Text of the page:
Against this backdrop, the nature of intercollegiate athletics creates a strong incentive for future courts to rule that fantasy sports leagues must secure a license to use the NIL and statistics of collegiate student-athletes.  It has become an all too common occurrence for promising collegiate athletes to forego professional sports due to injuries sustained while playing at the college level.  Oftentimes, this leaves collegiate athletes with few options to make the type of money that is available to professional athletes.  Moreover, the commercial value of the NIL of collegiate athletes is diminished exponentially if they are not able to play at the professional level.  Some have argued that the Eighth Circuit's reasoning implies that it is inequitable to allow fantasy sports leagues to profit from the use of collegiate athletes' NIL when there is no guarantee that they will ever play professional sports or recoup the monetary benefits associated with their NIL.  However, even if fantasy sports leagues were willing to pay licensing fees to use collegiate athletes' NIL, there still exists the problem of determining how collegiate athletes would recoup those potential license fees, while maintaining their eligibility.

Current NCAA rules prohibit enrolled collegiate athletes from independently licensing their individual NIL to third parties for commercial purposes.  Specifically, NCAA bylaws state that:

If a student-athlete's name or picture appears on commercial items (e.g., T-shirts, sweatshirts, serving trays, playing cards, posters) or is used to promote a commercial product sold by an individual or agency without the student-athlete's knowledge or permission, the student-athlete (or the institution acting on behalf of the student-athlete) is required to take steps to stop such an activity in order to retain his or her eligibility for intercollegiate athletics.[5]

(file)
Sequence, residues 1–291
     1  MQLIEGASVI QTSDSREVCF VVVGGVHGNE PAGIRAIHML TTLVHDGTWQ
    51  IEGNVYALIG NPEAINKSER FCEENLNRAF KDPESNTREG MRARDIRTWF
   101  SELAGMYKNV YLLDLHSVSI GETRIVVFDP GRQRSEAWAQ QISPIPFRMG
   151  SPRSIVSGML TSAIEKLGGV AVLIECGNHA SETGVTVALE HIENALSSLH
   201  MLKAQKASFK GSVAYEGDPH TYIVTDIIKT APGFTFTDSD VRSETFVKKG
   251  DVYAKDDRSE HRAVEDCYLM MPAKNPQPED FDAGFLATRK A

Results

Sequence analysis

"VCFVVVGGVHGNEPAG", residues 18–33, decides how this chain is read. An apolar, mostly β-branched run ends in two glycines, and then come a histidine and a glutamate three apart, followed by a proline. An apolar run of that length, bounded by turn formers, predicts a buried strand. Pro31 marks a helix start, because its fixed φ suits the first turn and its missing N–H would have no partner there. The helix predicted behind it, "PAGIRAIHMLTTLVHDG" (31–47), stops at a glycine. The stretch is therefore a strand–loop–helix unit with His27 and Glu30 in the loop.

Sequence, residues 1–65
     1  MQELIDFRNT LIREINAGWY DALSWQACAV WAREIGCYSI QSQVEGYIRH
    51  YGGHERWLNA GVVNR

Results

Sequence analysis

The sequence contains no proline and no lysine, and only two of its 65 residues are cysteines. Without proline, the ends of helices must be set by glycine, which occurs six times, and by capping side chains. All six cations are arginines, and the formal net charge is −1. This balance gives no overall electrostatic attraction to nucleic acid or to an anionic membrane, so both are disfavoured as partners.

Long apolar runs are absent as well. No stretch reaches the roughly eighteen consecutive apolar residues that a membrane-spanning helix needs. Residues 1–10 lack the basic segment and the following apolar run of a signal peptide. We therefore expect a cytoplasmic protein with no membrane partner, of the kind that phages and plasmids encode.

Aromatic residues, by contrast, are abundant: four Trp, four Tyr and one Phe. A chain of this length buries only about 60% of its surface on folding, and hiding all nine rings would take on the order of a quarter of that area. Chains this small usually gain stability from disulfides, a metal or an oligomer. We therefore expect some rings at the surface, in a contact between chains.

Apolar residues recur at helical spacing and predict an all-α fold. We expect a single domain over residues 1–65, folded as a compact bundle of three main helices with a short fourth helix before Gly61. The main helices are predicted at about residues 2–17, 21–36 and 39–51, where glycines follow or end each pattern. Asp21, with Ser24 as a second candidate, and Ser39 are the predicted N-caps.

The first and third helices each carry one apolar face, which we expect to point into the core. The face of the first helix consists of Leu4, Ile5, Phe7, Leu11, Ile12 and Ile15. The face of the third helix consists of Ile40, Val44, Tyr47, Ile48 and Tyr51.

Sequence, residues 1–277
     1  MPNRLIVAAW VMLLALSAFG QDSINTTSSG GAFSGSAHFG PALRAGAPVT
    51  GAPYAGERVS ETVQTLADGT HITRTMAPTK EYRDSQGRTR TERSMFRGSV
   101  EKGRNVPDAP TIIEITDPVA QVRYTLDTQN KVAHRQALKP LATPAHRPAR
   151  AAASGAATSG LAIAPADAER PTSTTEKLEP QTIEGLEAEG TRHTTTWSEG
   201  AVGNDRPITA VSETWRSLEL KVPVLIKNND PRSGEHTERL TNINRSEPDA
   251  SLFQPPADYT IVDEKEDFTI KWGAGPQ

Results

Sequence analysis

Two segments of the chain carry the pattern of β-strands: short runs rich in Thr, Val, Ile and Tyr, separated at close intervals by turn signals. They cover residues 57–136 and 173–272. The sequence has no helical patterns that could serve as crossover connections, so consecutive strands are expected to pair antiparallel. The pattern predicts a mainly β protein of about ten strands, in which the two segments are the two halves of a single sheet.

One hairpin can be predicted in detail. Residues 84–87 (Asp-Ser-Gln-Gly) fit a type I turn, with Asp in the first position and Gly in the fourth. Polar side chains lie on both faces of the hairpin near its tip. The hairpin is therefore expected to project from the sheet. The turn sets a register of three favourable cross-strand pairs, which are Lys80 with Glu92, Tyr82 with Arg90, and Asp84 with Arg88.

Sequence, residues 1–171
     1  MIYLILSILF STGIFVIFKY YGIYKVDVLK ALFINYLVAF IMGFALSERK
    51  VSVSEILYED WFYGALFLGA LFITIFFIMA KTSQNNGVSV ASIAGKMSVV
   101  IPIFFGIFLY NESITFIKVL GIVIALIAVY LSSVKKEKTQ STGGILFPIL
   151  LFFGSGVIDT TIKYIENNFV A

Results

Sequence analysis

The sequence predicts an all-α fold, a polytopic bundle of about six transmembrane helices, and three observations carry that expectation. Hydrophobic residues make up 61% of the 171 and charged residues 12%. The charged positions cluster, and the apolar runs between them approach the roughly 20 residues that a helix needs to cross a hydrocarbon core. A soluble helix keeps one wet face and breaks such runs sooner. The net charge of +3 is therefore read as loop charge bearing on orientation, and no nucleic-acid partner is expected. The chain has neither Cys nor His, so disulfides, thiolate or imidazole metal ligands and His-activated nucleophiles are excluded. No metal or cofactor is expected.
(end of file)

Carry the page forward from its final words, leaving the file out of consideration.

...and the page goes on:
While the O'Bannon decision clearly recognized that collegiate athletes have rights to their NIL, it did not go so far as to establish that players could independently license their NIL to third party commercial entities.  However, it is important to note that there is nothing in the O'Bannon decision that limits the NCAA from licensing the NIL of collegiate players on a team-based level to fantasy sports leagues.  Therefore, based on the Court's decision in O'Bannon, it is possible that the NCAA may choose to amend its bylaws to recoup NIL licensing fees directly from fantasy sports providers or other commercial ventures.  Historically, most fantasy sports sites have shied away from offering college sports-based leagues.  Were an NCAA-approved licensing arrangement to transpire, we could see the collegiate fantasy sports world explode and become a viable contender to that of professional fantasy sports.

The material contained herein is provided for informational purposes only and is not legal advice, nor is it a substitute for obtaining legal advice from an attorney.  Each marketing situation is unique, and you should not act or rely on any information contained herein without seeking the advice of an experienced marketing attorney.

This article was originally published in World Sports Law Report Volume 12 Issue 10, October 2014.

[1] NCAA Bylaws Art.